COMSTOCK, CHENEY & COMPANY. Meanwhile, other manufacturers of ivory products had been at work in the Essex area. Chief among these was the firm of Comstock, Cheney & Company of Ivoryton. The dominant figure in this company was Samuel M. Comstock. He had learned the ivory cutting trade while working in his older brother's Saybrook area ivory cutting shop, known as Joseph A. Comstock & Company. By 1838, Samuel had left his brother's shop and joined with Edwin Griswold to set up Comstock & Griswold Company further west up the Falls River in Centerbrook. In 1848, the company moved its operations to a new factory in the Ivoryton area, where combs, toothpicks, and other ivory products were made. At the same time, the firm's name was changed to S. M. Comstock & Company, reflecting Samuel's sole ownership.

In 1860, Samuel Comstock allied his firm with George A. Cheney to form Comstock, Cheney & Company. Cheney had invested in Comstock's firm and was one of the principals in the important New York based ivory importing firm of Arnold, Cheney & Company. The new firm began production of thin slices of ivory for mounting on wooden piano keys. It also had its own agents buying ivory in Africa, most of which went toward production of piano keys. The company was formally incorporated in 1872 and in 1873 it opened an even larger factory in Ivoryton.

1936 MERGER. On December 31, l936, Pratt, Read & Company of Deep River was consolidated and merged with Comstock, Cheney & Company of Ivoryton. The resulting corporation was titled Pratt, Read & Company, Inc. By l938, all manufacturing operations had been consolidated in Ivoryton and the Deep River factory closed. During World War II, both the Deep River factory and the Ivoryton factory were used to produce CG 4A "Waco" troop carrying gliders for the U.S. Army Air Forces, along with LNE 1 training gliders and the GLOMB experimental plane for the U.S. Navy. Production of piano keyboards and actions was sharply curtailed for the duration of the war, and was slow to resume afterward. In l946 the Deep River factory was sold.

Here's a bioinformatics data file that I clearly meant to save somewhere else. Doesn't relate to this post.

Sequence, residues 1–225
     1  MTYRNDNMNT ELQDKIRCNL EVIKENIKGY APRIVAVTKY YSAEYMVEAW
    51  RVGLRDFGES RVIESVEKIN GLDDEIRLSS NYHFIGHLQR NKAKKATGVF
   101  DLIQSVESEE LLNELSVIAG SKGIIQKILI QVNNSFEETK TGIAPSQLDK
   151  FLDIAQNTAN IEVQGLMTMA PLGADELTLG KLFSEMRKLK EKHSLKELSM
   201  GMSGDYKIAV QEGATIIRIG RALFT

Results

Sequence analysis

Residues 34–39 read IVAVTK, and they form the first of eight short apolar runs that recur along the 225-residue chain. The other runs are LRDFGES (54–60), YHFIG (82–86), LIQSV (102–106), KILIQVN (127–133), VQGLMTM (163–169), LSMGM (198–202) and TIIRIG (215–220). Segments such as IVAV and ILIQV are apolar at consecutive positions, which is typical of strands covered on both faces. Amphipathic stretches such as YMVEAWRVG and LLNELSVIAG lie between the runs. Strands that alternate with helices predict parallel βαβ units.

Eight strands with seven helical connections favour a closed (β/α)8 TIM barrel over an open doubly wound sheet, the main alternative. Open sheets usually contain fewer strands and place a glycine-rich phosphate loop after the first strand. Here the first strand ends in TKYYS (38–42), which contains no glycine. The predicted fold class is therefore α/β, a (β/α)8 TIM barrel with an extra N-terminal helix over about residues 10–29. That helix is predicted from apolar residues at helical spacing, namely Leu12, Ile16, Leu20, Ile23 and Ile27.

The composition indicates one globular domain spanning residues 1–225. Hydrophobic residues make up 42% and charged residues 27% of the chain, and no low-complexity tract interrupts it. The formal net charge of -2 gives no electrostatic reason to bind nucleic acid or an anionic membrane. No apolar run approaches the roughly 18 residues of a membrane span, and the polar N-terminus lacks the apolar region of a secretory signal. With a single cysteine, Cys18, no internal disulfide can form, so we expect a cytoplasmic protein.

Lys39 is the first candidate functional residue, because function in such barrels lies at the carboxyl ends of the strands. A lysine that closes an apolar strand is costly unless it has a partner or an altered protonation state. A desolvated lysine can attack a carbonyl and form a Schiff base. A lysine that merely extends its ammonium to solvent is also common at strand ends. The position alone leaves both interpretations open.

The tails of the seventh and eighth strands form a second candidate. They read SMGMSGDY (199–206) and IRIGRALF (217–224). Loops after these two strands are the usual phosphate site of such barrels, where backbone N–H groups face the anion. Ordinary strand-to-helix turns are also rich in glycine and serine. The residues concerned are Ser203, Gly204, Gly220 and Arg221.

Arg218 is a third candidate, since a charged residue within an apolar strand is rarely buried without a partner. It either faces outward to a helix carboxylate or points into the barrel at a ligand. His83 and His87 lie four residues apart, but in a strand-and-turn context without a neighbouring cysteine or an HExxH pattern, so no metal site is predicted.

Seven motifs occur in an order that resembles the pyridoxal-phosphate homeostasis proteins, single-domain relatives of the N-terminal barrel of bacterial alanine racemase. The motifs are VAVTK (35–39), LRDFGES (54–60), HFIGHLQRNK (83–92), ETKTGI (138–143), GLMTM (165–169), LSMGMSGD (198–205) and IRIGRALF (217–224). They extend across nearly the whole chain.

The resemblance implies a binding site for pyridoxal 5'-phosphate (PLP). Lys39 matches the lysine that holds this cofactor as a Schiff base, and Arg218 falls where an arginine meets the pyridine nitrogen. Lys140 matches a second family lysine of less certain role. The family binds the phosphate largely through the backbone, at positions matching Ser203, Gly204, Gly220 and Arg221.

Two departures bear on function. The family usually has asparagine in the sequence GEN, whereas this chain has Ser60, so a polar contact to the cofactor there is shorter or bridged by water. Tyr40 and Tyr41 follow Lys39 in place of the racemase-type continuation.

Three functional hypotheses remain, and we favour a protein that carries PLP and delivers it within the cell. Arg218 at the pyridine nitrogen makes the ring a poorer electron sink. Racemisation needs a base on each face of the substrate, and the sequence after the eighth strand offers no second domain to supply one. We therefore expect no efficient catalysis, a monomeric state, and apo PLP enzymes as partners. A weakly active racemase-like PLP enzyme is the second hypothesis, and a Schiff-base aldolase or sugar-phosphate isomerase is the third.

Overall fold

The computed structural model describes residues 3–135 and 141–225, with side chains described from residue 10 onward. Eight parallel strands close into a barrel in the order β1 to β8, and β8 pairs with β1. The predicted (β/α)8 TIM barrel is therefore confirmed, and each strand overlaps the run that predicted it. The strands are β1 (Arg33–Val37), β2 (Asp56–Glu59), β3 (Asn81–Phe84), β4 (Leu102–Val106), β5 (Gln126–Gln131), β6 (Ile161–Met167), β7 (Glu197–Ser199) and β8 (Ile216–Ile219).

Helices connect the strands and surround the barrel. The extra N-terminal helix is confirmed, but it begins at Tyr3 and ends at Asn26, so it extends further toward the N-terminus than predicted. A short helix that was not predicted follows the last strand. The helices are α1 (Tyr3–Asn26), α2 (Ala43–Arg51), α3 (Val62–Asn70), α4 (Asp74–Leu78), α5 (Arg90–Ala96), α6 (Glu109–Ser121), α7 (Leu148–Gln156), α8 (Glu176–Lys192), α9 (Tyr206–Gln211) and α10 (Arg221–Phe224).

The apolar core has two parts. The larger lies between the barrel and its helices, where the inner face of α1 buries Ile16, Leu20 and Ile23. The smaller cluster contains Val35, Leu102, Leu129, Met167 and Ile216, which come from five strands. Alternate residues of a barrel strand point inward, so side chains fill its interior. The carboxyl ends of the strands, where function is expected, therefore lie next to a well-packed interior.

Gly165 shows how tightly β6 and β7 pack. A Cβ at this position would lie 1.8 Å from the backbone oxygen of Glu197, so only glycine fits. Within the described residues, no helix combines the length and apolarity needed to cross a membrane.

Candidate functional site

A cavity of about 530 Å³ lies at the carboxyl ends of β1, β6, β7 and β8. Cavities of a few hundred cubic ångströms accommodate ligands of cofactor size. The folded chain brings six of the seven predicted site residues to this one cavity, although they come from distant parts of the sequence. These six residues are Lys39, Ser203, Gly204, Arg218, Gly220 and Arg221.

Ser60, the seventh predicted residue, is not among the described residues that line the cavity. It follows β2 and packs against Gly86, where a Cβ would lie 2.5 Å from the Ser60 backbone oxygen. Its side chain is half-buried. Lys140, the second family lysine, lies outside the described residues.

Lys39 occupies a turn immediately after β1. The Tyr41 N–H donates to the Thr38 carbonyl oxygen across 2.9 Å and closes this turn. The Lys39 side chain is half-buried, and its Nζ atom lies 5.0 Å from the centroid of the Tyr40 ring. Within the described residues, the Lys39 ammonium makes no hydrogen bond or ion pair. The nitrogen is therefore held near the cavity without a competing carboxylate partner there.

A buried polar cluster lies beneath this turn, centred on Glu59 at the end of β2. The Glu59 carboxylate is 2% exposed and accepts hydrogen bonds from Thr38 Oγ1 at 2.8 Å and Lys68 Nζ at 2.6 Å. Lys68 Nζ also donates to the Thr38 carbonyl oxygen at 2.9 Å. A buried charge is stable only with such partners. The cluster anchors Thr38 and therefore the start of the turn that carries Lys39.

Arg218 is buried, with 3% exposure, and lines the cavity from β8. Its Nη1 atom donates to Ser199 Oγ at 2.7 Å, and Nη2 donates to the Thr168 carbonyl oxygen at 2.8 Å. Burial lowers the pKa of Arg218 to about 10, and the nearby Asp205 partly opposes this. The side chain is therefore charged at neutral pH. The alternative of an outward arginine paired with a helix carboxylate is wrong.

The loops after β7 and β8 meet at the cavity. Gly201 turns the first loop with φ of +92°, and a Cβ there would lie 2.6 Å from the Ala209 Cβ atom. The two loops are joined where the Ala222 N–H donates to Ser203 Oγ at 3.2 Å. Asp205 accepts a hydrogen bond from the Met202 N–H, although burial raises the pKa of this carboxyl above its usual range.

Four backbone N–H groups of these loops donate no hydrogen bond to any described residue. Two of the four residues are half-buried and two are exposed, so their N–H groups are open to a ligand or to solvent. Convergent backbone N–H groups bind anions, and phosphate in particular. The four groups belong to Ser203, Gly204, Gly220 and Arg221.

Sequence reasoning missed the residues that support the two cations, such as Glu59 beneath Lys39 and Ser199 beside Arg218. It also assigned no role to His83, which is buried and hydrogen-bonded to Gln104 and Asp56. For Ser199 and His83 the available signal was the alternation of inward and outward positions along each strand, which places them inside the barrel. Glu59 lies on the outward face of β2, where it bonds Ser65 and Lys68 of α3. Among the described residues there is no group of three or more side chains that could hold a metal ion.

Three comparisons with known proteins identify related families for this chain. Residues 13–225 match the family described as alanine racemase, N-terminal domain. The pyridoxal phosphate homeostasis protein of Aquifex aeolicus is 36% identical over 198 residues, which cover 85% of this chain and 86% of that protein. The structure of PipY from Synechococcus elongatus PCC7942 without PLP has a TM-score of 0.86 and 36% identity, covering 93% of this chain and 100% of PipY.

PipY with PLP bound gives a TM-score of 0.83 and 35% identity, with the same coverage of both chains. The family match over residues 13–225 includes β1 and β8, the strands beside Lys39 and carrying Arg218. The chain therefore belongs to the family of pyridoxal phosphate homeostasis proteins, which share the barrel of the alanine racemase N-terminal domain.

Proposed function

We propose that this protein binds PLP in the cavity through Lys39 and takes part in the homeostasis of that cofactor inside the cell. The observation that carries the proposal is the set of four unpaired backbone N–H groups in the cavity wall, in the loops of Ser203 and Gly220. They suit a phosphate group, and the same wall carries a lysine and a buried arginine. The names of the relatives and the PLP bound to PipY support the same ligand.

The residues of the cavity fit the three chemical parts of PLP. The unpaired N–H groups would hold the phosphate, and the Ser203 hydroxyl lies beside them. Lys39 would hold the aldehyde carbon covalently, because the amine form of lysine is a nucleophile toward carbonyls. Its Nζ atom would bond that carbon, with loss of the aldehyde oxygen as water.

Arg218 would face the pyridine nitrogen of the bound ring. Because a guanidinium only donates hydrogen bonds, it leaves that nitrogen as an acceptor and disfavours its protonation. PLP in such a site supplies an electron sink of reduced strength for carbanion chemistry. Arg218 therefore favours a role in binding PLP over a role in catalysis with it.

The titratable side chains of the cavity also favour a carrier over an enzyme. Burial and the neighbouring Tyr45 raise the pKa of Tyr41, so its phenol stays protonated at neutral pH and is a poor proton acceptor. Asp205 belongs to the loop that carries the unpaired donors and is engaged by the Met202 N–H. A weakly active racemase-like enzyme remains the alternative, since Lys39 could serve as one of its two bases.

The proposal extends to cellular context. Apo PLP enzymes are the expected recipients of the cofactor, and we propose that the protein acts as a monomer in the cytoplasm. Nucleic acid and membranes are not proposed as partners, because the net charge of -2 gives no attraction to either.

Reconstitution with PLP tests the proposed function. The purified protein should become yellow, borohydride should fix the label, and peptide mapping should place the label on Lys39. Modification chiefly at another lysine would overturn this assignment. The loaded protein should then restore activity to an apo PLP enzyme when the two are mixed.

From 1948 to l957, the Ivoryton factory was enlarged and modernized on a large scale. During the Korean War, the company contracted to make helicopter blades for the Kaman Corporation of Bloomfield, Conn., and this partnership lasted for fourteen years. In l958, Pratt, Read transferred all of its piano action manufacturing operations to a newly built plant in Central, S.C. This move was made primarily in order to modernize production facilities at a lower cost than would have been possible through continued renovation of the Ivoryton plant.

With the election of Peter H. Comstock (a great grandson of one of the founders of Comstock, Cheney & Company) as President in 1954, the firm began an ambitious plan of diversification. The Cornwall & Patterson Company of Bridgeport, Conn., manufacturer of piano hardware, was purchased in l957. In 1959, Pratt, Read joined with six British Commonwealth firms to acquire British Piano Actions, Ltd., of Wales. Keyboards, Inc., a Chicago based producer of keyboards for electronic organs, was acquired in 1960. The Tech Art Plastics Company of Morristown, N.J., a custom molder of plastics materials especially for the piano industry, was acquired in 1961. The F. Kelly Company of Derby, Conn., which specialized in the production of small metal parts, was acquired in l964, and operated as a division of Cornwall & Patterson. In l966, Pratt, Read purchased the Allen Rogers Corporation of Laconia, N.H., which produced wooden furniture and piano components.

MERGER WITH VOCALINE COMPANY. In February l968, Pratt, Read & Company, Inc., was merged into the Vocaline Company of America, Inc., of Old Saybrook, Conn. Peter H. Comstock became chairman and chief executive officer of Vocaline Corporation, while remaining president of Pratt, Read. Vocaline was then organized into two major divisions the Vocaline Division and the Pratt, Read Division. The Pratt, Read Division concentrated on the production of piano keys and actions. It operated three subdivisions: the Ivoryton Division (keyboards, wooden and plastic moldings, and unfinished furniture); the Action Division (piano actions); and the Lund Division, formerly Keyboards, Inc., (electronic organ components). Both of the latter divisions operated out of the Central, S.C., plant. The Lund Division was known as the Electronics Division by 1970.